- The concerted effort to reduce the incidence and transmission of Covid-19 within the prison estate, including young offender institutions, whilst important, means that children are being subjected to more stringent restrictions on their liberty. Such restrictions include: the suspension of visits, suspension of education and training programmes, and confinement for longer periods of time currently twenty-two or more hours a day.[viii]
- In ordinary times, detention of a child can have staggering consequences for their safety and development: “restraint, assaults and self-harm amongst children [in custody] is rising”.[ix] However, the harsher conditions precipitated by the pandemic, are likely to have a particularly destructive effect on the health and social development of detained children with fears of increased incidences of mental illness and self-harm to name only two.[x]
Can remand of unsentenced children be justified during a pandemic?
- The starting point must be that each case turns on its own unique facts and unquestionably there will be circumstances that necessitate applications to remand an unsentenced child. However, the decision to seek to remand a child at the height of a deadly pandemic demands increased scrutiny.
- As was indicated at the start of this note, the paramount consideration when dealing with a child – in the criminal justice system or otherwise – is the child’s welfare. In the context of criminal proceedings, however, the situation is complicated by the pursuit of an equally important and competing aim – ensuring the safety of the public.
- How do we balance those interests; what are the relevant considerations? First, set the parameters: what factors are pertinent to an assessment of a child’s welfare and best interests and what principles underline the presumption in favour of bail and any exceptions thereto? Second, consider the relative harms: bail versus remand. Can the public be protected otherwise than by remanding the child? Third, the overriding context.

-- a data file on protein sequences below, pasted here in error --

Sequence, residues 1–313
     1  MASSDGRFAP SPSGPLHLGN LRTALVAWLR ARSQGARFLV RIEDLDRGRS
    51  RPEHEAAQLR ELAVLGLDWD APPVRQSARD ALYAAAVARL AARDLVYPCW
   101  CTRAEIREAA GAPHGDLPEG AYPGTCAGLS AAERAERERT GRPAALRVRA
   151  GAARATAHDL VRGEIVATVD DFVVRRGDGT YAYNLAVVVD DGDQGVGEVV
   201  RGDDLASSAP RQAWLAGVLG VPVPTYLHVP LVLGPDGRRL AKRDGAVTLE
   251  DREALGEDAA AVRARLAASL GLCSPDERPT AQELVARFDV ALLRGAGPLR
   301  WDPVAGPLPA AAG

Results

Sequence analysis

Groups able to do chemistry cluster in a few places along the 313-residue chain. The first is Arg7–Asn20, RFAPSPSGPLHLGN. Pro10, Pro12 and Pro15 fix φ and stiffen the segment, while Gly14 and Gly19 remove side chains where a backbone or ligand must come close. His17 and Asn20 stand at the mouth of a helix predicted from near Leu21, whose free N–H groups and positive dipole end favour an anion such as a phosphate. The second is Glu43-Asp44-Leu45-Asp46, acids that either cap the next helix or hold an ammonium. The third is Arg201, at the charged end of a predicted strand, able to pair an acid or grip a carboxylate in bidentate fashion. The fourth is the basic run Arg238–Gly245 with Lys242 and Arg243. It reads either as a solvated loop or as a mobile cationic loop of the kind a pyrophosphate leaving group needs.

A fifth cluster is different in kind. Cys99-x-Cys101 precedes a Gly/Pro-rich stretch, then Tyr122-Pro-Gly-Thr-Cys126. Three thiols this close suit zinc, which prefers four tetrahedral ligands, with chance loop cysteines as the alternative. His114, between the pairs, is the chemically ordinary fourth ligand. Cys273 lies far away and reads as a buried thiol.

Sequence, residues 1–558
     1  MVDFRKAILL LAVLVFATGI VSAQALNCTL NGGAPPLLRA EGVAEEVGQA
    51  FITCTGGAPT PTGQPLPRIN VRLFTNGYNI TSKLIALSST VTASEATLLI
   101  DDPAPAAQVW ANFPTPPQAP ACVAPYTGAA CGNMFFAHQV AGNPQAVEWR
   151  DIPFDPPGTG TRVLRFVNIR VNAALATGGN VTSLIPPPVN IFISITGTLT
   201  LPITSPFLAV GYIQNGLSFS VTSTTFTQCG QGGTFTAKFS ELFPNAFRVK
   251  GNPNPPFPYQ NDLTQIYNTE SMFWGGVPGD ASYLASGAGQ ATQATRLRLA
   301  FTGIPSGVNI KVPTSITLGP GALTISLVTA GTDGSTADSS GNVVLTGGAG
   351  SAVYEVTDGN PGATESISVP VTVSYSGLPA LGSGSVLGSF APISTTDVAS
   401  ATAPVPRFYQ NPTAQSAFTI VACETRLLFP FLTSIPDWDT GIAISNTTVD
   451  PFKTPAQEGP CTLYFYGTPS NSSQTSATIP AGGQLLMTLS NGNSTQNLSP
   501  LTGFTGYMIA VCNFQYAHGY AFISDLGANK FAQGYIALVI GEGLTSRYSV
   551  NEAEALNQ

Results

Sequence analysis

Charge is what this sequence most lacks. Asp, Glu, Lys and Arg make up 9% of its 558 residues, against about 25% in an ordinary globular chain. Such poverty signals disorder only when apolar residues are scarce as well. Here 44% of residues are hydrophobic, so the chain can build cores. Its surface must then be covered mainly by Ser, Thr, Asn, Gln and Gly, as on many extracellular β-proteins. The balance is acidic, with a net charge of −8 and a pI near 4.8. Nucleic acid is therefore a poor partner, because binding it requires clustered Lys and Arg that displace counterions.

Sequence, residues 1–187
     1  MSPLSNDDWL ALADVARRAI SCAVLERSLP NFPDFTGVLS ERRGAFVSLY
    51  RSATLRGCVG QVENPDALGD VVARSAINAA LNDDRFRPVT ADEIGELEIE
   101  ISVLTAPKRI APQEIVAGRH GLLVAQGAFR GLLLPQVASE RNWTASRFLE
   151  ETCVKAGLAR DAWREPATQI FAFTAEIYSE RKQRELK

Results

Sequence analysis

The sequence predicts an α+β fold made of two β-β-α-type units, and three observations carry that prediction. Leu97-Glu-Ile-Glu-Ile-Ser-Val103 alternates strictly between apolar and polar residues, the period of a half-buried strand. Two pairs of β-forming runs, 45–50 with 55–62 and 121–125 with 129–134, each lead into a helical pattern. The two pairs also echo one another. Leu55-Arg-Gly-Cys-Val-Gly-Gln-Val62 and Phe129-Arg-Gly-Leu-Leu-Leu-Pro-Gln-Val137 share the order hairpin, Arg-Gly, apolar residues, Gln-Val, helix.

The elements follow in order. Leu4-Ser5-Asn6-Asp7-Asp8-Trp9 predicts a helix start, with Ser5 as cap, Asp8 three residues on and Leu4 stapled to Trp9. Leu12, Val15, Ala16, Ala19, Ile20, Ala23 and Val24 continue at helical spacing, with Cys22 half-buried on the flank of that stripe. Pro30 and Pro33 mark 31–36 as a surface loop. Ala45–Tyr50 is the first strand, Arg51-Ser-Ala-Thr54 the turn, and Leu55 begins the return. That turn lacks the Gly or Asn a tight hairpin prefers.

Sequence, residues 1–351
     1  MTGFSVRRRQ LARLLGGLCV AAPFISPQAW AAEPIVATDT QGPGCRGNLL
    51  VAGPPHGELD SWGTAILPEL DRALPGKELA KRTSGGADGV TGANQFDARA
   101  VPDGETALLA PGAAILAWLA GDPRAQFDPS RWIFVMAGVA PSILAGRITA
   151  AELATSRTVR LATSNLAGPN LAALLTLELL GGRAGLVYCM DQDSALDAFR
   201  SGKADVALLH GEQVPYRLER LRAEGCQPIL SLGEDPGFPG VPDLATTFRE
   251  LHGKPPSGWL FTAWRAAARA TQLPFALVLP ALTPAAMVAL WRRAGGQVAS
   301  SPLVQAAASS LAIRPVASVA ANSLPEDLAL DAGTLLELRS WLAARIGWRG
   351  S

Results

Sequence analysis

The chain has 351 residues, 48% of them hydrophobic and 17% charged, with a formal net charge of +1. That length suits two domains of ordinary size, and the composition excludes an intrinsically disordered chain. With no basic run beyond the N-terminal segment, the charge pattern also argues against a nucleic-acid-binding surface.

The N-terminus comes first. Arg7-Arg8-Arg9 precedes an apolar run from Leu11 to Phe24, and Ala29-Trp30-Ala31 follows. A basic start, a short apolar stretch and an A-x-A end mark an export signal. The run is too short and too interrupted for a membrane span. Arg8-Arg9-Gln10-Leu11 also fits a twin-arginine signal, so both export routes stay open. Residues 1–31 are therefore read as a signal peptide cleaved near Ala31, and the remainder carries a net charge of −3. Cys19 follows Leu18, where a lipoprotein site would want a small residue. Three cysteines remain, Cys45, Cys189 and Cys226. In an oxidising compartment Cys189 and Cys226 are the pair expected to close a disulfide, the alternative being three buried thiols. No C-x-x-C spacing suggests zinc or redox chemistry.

- Addressing the first issue. Welfare is not defined in the Children and Young Persons Act 1933. In the context of family law proceedings, the Children Act 1989 outlines a number of factors relevant to the assessment of what is in the child’s welfare; the so-called Welfare Checklist. These factors, in my view, provide a reasonable starting point when assessing the merits of an application to remand a child and should be at the forefront of the Crown’s mind.
- The Welfare Checklist includes a number of factors, but the following appear to me to be most relevant: (a) the child’s physical, emotional and educational needs; (b) the likely effect on the child of any change in his circumstances; (c) the child’s age, sex, background and any characteristics of his which the court considers relevant; (d) any harm which the child has suffered or is at risk of suffering; (e) the range of powers available to the court in the proceedings in question.[xi]
- What then of the principles underlining the presumption in favour of bail and the exceptions thereto? The principle of habeas corpus insures against arbitrary detention. Bail should only be refused where it can be justified. Such justifications are expressed in the first Schedule to the Bail Act and include, in the context of a child, that if released on bail they would: (a) fail to surrender to custody; or (b) commit an offence; or (c) interfere with witnesses or obstruct the course of justice; or (d) the child should be kept in custody for their own welfare.